Tuesday, August 7th, 2012

Unrealistically Depicted Human All Too Human

"Kathy Zeitoun said she considers Eggers' book a faithful and accurate portrait of the couple's shared ordeal during Katrina. But she believes she must publicly shed light on her ex-husband's violent side, which she says has emerged in recent years. 'I'm not going to be quiet about it anymore because being quiet puts him in a position to do it again,' she said."
Well, this is very sad. Abdulrahman Zeitoun, the protagonist of Dave Eggers' account of Hurricane Katrina and the atrocious government response that followed, is in jail for assaulting his wife. Zeitoun is beautifully written, and gives an invaluable look at a city in the wake of natural disaster, but it bothered me very much in its depiction of its eponymous hero as a flawless human being. [via]

9 Comments / Post A Comment

You know what bothered me the most? Those poor fucking dogs.

Mr. B (#10,093)

"Beautifully written"? Whatever the book's strengths as reportage, Eggers's prose, here and in everything else of his I've looked at, is little more than affected boilerplate. I can't get over the suspicion that his whole career is some sort of put-on.

aubergines (#216,449)

@Mr. B Agreed. The story is very moving, but the writing sucks.

hershmire (#233,671)

@Mr. B Yeah, I just tried to read AHWSG and couldn't get past the 40-page preface. Just not good enough prose to hold my attention.

Buck Turgidson (#236,742)

"…gives an invaluable look at a city in the wake of natural disaster…" only it was NOT a natural disaster. Man made disaster. Please see http://thebiguneasy.com/ . And not only that, but the "new" pumps for the levee to prevent a repeat are defective.

Toby Bryce@twitter (#10,953)

@Mr. B @aubergines completely disagree. Eggers' writing is strong IMO and I would go so far as to say (as long as we're being polemical) that far from being a put-on he is he most important and consistently interesting contemporary American writer.

@hershmire except that I can't speak to AHWSG, which never appealed to me. (I even liked VELOCITY.)

@DaveBry can you elaborate on what in text of Zeitoun depiction bothered you so much? You may have rightfully smelled a rat, as it turns out, but I didn't get that at all.

Dave Bry (#422)

Well Eggers took this person, a human being who he obviously sympathized with (and for understandable reasons) and used his story to tell a bigger story. And this is good. But the way he chose to illustrate this person undermined the power of the story, so much of which of which came from the fact that this actually happened to a living and breathing human being. Because everything we learned about Zeitoun was wonderful and glowing. He seemed like a perfect person, so unrelentingly heroic and positive. The worst things we learned about him were that he was stubborn (which, this is portrayed as the lovable flaw that results from his bravery and steadfastness) and one incident from the past, when he left his firstborn baby in a car for 30 seconds—but this was presented as a small mistake (it was a small mistake; could happen to anyone in that crazy-minded situation) that was really just the lovable result of his overwhelming love and care for his wife. Because he was such a perfect hero. Drawing him this way, heroizing him so much, made him seem much less like a real living breathing human being for obvious reasons: real people are not perfect. It would have been so much better if Eggers had chilled out on some of the worshipping, and included more negative stuff, to round out this real person. I understand that might have been difficult, because the book was written, had to be written, with such intense cooperation from Zeitoun and his family. And, also: all this horrible stuff happened to this person, who did probably seem to be so nice and good and brave! I can see how a reporter might be extra sympathetic. But still: it hurt what would have been a stronger book, otherwise, I think. And again, I really liked the book. Hahaha. Sorry. That might be a little more elaboration than you wanted. (Than anyone would ever want, maybe.) I have drank too much coffee this morning.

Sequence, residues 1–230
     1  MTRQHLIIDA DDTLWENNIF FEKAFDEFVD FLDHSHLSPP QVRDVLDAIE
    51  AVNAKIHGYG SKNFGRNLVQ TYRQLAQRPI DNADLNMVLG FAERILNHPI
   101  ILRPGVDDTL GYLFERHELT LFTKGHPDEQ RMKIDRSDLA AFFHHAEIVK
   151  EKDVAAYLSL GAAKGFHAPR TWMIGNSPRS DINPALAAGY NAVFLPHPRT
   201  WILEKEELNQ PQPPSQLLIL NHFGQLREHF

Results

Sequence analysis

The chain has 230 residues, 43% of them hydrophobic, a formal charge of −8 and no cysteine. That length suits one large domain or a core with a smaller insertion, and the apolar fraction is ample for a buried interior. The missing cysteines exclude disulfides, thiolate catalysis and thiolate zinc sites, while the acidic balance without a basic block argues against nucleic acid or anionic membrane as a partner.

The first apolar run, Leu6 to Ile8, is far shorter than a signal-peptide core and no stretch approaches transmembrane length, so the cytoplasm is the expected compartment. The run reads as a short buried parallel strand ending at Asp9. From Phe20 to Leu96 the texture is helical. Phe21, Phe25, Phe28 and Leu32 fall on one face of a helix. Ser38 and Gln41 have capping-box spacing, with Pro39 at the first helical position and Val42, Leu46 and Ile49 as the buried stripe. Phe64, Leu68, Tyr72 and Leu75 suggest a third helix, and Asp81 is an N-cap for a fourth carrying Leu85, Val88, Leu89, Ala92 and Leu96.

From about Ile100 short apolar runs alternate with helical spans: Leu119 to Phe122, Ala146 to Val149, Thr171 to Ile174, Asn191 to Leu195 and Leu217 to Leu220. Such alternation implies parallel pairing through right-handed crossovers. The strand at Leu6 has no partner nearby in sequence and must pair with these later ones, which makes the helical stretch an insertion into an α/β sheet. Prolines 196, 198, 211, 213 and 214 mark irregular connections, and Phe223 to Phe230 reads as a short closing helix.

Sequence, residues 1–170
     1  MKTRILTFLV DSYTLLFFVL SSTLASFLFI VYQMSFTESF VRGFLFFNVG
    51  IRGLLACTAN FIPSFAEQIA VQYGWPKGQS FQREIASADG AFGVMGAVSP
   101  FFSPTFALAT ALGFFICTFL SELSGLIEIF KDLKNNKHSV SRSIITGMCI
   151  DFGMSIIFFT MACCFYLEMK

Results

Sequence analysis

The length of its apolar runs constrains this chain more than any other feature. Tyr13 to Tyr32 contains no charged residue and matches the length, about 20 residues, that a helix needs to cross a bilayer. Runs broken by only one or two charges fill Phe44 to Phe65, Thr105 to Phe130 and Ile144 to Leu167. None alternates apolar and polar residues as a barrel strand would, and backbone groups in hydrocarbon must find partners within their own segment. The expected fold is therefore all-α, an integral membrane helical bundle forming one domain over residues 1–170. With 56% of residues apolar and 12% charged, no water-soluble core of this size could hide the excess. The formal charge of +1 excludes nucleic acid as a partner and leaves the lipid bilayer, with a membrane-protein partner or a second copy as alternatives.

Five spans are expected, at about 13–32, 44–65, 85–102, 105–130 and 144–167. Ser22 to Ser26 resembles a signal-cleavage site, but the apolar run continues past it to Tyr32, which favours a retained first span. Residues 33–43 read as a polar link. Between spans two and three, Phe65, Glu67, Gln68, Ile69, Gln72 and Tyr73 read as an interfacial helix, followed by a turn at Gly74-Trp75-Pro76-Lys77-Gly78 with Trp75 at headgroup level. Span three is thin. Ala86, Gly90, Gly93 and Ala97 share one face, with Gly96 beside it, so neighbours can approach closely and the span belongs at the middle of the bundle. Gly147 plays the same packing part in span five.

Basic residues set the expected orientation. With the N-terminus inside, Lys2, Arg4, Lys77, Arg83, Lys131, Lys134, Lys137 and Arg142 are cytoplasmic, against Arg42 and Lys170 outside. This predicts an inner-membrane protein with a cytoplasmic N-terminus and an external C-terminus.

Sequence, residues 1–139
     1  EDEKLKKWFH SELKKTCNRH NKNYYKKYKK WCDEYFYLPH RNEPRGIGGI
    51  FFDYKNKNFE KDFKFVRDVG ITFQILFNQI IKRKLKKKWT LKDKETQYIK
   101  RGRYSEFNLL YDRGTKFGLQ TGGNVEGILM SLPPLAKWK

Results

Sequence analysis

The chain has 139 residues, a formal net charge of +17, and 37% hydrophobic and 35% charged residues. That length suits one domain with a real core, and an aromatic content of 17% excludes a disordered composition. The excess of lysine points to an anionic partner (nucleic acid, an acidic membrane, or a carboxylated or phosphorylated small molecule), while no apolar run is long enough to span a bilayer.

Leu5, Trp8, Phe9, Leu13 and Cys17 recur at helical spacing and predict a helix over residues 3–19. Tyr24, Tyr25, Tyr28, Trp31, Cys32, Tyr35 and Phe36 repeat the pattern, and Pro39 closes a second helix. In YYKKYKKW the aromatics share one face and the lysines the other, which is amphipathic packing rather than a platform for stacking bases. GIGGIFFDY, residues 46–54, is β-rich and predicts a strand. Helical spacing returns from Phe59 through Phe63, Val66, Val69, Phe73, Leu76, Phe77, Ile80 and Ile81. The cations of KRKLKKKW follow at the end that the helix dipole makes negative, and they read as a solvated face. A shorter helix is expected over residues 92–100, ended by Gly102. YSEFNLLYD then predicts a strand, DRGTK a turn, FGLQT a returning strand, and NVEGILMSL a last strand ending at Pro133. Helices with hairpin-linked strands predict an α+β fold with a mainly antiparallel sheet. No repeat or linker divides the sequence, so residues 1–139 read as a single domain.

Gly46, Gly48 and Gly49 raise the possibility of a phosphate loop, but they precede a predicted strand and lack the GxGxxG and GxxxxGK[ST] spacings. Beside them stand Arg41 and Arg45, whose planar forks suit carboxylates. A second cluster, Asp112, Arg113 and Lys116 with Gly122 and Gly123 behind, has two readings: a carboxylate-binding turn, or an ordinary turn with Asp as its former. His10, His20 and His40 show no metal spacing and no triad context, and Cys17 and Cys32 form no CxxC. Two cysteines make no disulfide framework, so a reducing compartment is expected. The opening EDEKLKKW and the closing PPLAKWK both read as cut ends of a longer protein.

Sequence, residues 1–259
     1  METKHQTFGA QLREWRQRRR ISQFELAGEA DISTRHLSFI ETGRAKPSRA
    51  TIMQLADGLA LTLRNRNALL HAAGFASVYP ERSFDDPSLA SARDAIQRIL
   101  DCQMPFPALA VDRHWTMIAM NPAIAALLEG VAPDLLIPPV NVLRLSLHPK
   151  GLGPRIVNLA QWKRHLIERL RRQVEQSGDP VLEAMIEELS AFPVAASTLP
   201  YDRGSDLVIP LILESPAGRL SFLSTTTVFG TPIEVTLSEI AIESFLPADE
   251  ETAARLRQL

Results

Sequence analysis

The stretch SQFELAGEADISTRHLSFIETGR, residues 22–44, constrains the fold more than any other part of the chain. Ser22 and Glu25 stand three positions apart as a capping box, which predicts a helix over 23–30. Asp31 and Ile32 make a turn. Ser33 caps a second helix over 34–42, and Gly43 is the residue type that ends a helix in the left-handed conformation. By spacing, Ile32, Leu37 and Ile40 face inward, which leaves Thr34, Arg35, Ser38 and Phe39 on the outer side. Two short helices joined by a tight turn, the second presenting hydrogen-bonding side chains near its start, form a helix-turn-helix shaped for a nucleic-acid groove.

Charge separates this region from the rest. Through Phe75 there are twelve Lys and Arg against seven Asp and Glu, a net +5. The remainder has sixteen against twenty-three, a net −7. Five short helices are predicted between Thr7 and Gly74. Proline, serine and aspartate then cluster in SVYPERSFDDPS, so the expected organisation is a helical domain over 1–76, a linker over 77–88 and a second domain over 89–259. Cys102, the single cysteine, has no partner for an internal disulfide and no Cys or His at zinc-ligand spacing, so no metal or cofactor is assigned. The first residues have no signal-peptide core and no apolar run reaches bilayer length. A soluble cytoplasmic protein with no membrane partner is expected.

Brian Hurley (#235,000)

@Dave Bry I agree. Eggers started with the premise that Zeitoun was an absolute hero. If he'd been more honest about how flawed people are, then Zeitoun's crimes wouldn't have to damage all the good that the book has done.


billy jorj (#245,271)

Well Eggers took this person, a human being who he obviously sympathized with (and for understandable reasons) and used his story to tell a bigger story. And this is good.
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